According to the report, in the fiscal year of 2009-10, Antioch’s five City Council members were paid a cumulative $112,591 – fifth most in Contra Costa County, although at 100,000 residents, Antioch is the county’s third most populous city.
The costs in the Grand Jury report include salary and/or meeting fees, health insurance, pension, deferred compensation and other costs.
Richmond, a city of 102,000 employing seven city council members, paid its council $267,139 – highest in the county. Next is San Ramon, with roughly 59,000 residents, at $163,000, followed by Martinez, with about 36,000 residents, at $131,326. The city that pays its council the fourth most is Concord, the county’s most populous city at more than 124,700 residents. Concord’s council earned a total of $128,262 in the 2009-10 fiscal year.
The report identified the cities that compensate council members more than the countywide average of $39,377 – Antioch, Concord, Danville, Hercules, Martinez, Richmond, San Pablo and San Ramon – and recommended that they examine the possibility of pay cuts.
“These cities … should consider whether it would be appropriate,” the report reads, “to implement reductions of salary and meeting fee expenditures to bring them in line with other cities.”
In a letter drafted last month and approved at a recent Antioch City Council meeting, Mayor Jim Davis agreed with the Grand Jury report’s suggestion that information on council pay should be more easily available to the public, but felt that simply using an average to compare Antioch with other cities in the county wasn’t pertinent.
The average takes into account the county’s biggest city, Concord, and it’s smallest, Clayton, which has a population roughly a tenth of Antioch’s.
“(W)e do question the value of a simple mathematical average as determinative as to what salaries and meeting fees are questionable,” Davis wrote in a letter to Judge John Laettner. “As the report indicates, these are cities of differing sizes. In addition, these city councils have differing meeting schedules and responsibilities, some cities have budgets of $50,000,000 and some budgets of $10,000,000.”
Brentwood, a town of about 50,000, paid its council a total of $91,998 in the 2009-10 fiscal year. Pittsburg, a city of roughly 63,000 people, compensated its council to the tune of $40,035 that year. Oakley, with 34,000 residents, paid its council $28,544, and provided no health care or pension benefits.
The report also recommended that Contra Costa County cities and special districts should conduct an annual public review of compensation to boards and councils, making clear the items of salary, meeting fees, health insurance, pension, life insurance, cell phone usage and Internet connections.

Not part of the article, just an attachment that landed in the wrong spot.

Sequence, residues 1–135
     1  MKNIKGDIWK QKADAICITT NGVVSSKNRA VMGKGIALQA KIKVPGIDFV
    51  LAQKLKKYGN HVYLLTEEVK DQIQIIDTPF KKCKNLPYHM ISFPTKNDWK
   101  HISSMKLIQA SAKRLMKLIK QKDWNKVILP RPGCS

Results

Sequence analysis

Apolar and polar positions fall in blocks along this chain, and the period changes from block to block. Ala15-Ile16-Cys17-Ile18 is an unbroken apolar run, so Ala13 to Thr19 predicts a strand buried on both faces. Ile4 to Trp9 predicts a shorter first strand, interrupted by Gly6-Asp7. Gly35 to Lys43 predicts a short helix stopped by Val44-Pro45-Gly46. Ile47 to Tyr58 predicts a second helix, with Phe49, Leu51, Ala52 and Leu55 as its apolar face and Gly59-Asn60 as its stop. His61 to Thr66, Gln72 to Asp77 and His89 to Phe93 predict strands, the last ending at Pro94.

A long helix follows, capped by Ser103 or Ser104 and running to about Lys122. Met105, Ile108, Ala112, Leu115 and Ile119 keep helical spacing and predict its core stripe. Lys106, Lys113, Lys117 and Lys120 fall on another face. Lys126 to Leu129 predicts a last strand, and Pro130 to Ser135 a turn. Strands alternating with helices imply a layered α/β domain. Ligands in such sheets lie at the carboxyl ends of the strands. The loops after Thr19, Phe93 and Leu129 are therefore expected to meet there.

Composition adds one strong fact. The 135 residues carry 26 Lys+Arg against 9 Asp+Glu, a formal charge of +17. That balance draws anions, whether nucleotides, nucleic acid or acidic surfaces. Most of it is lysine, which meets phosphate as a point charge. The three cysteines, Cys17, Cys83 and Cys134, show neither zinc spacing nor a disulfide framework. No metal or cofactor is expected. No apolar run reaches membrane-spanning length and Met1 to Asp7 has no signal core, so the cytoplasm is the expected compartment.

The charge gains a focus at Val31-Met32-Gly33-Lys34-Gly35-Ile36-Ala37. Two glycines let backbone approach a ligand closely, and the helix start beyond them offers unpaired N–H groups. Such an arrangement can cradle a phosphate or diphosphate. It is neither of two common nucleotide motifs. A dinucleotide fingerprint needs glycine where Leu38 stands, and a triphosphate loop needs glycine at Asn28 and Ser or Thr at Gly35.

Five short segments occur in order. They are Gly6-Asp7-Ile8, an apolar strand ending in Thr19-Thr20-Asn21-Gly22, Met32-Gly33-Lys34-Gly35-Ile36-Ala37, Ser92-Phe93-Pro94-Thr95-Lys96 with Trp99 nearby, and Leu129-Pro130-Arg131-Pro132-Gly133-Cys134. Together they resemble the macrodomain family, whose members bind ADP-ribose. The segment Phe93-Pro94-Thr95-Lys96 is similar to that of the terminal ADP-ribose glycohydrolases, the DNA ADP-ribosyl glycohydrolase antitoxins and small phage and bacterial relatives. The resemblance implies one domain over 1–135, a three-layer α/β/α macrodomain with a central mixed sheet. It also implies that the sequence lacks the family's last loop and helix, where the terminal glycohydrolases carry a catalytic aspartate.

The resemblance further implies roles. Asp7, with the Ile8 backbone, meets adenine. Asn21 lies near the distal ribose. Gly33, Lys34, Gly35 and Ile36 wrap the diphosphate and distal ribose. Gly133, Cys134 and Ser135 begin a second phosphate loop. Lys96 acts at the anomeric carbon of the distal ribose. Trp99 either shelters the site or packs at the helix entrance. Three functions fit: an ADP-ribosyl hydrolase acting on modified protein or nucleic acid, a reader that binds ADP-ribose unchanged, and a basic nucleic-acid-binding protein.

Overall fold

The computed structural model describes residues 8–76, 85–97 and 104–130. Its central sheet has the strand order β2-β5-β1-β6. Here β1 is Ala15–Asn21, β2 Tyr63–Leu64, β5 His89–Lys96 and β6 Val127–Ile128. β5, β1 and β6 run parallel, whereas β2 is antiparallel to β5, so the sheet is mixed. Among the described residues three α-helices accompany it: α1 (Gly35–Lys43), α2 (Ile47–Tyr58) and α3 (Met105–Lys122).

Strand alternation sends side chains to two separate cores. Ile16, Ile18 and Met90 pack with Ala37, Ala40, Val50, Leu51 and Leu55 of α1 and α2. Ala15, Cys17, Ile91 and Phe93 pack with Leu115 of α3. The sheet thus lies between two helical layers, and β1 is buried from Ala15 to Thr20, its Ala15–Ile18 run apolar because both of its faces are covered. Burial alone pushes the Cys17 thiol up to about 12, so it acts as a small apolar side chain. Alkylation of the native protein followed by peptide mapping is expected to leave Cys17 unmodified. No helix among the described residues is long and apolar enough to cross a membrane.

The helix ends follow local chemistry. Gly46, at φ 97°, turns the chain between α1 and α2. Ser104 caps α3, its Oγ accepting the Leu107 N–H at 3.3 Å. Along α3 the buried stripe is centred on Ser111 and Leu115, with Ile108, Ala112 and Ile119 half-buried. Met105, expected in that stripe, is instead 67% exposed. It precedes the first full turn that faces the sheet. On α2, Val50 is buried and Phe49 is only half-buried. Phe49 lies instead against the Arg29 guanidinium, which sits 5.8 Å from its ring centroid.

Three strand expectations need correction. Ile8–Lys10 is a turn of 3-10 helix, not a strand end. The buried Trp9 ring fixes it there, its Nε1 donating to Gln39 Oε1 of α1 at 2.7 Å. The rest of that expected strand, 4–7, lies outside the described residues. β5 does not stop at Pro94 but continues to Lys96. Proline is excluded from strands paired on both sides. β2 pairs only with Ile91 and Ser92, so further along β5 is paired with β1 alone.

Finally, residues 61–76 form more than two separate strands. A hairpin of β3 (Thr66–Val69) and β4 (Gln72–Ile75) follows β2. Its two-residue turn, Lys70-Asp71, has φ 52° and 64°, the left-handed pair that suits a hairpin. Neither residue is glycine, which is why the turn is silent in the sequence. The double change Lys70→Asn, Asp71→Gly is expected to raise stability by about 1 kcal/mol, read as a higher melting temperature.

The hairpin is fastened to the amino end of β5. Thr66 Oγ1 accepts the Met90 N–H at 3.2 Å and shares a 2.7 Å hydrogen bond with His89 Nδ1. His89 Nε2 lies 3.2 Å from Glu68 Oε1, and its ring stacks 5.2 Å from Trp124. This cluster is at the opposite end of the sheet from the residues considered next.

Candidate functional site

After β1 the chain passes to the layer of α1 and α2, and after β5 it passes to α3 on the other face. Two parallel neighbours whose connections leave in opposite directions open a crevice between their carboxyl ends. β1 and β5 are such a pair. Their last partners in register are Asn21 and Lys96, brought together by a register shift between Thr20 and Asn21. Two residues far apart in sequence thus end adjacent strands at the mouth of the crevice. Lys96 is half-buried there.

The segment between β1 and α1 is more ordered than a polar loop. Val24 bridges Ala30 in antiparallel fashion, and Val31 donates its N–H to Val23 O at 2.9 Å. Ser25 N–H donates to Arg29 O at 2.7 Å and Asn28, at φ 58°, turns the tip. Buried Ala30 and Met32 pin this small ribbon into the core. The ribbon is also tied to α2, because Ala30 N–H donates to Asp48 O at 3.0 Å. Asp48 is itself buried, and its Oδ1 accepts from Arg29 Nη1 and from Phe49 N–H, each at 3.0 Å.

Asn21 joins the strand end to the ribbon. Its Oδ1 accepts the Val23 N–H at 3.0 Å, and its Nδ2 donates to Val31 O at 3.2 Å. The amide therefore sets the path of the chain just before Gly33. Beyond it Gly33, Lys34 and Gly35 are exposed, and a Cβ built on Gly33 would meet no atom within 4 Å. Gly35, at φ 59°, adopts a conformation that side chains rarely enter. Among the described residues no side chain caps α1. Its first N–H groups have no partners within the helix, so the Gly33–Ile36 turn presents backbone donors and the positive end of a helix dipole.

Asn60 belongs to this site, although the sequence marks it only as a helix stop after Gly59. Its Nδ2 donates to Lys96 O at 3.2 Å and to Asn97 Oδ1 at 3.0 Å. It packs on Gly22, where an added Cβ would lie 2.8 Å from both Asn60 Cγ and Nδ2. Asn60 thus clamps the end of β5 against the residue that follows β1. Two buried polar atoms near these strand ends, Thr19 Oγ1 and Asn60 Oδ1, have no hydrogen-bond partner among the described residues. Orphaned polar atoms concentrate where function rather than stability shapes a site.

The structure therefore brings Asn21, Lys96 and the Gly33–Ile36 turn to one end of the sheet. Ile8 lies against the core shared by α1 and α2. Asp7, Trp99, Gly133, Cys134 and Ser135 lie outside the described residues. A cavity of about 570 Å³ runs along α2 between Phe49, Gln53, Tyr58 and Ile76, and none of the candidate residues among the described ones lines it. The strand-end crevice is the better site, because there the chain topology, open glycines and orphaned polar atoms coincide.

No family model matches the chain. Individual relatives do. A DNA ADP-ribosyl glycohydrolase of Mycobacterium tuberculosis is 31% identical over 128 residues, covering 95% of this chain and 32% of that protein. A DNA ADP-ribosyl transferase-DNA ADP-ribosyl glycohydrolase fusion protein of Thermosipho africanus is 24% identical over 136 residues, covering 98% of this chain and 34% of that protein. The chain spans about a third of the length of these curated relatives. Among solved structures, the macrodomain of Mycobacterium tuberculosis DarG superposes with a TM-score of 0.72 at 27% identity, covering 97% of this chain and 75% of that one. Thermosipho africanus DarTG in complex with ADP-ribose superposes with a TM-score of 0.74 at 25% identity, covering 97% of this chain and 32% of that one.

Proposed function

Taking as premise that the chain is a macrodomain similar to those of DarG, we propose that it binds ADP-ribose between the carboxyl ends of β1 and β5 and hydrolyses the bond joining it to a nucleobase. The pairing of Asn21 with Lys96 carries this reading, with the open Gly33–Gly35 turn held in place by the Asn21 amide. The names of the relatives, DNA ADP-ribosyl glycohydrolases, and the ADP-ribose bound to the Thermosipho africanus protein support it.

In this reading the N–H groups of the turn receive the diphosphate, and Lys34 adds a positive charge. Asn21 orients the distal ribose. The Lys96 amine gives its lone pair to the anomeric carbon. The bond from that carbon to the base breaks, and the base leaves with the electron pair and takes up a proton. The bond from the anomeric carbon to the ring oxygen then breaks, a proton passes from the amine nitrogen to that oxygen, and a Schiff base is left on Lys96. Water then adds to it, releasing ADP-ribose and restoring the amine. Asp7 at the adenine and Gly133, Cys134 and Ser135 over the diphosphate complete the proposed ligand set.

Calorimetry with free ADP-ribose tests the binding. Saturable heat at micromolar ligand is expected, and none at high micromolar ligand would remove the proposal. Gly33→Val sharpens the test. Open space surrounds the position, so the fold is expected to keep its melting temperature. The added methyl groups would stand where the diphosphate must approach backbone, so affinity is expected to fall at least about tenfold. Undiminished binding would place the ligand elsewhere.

Davis responded that while this has not yet been implemented within Antioch, the city would work on it. He also noted that in 2009, in recognition of the recession, the council adopted a resolution encouraging elected officials to decrease their compensation.
“Certainly, an annual review of council compensation and benefits discussed above would consider whether reductions (or possibly increases) are appropriate,” Davis wrote in his letter. “We would suggest further analysis to determine what should be considered in looking at salary and meeting fee expenditures ‘in line with other cities’ beyond simply an average of salaries provided in a wide variety of cities.”
The Grand Jury report also examined compensation to the directors of its 27 largest special districts, and the results revealed a certain parity. The West County Wastewater District, which serves about 124,000 people, paid its board of directors $175,254 in the 2009-10 fiscal year – highest in the county. Second was the Central Contra Costa Sanitary District, which serves 451,900 residents. That district paid its directors $158,174.
Some of the more alarming numbers come with the third-highest-paid district – Byron-Bethany Irrigation. Though it serves only 3,000 residents, its directors were paid $105,380, including a county-high $99,684 in health care insurance costs.
Much as it did for the cities, the Grand Jury report recommended that the districts perform an annual review of board compensation.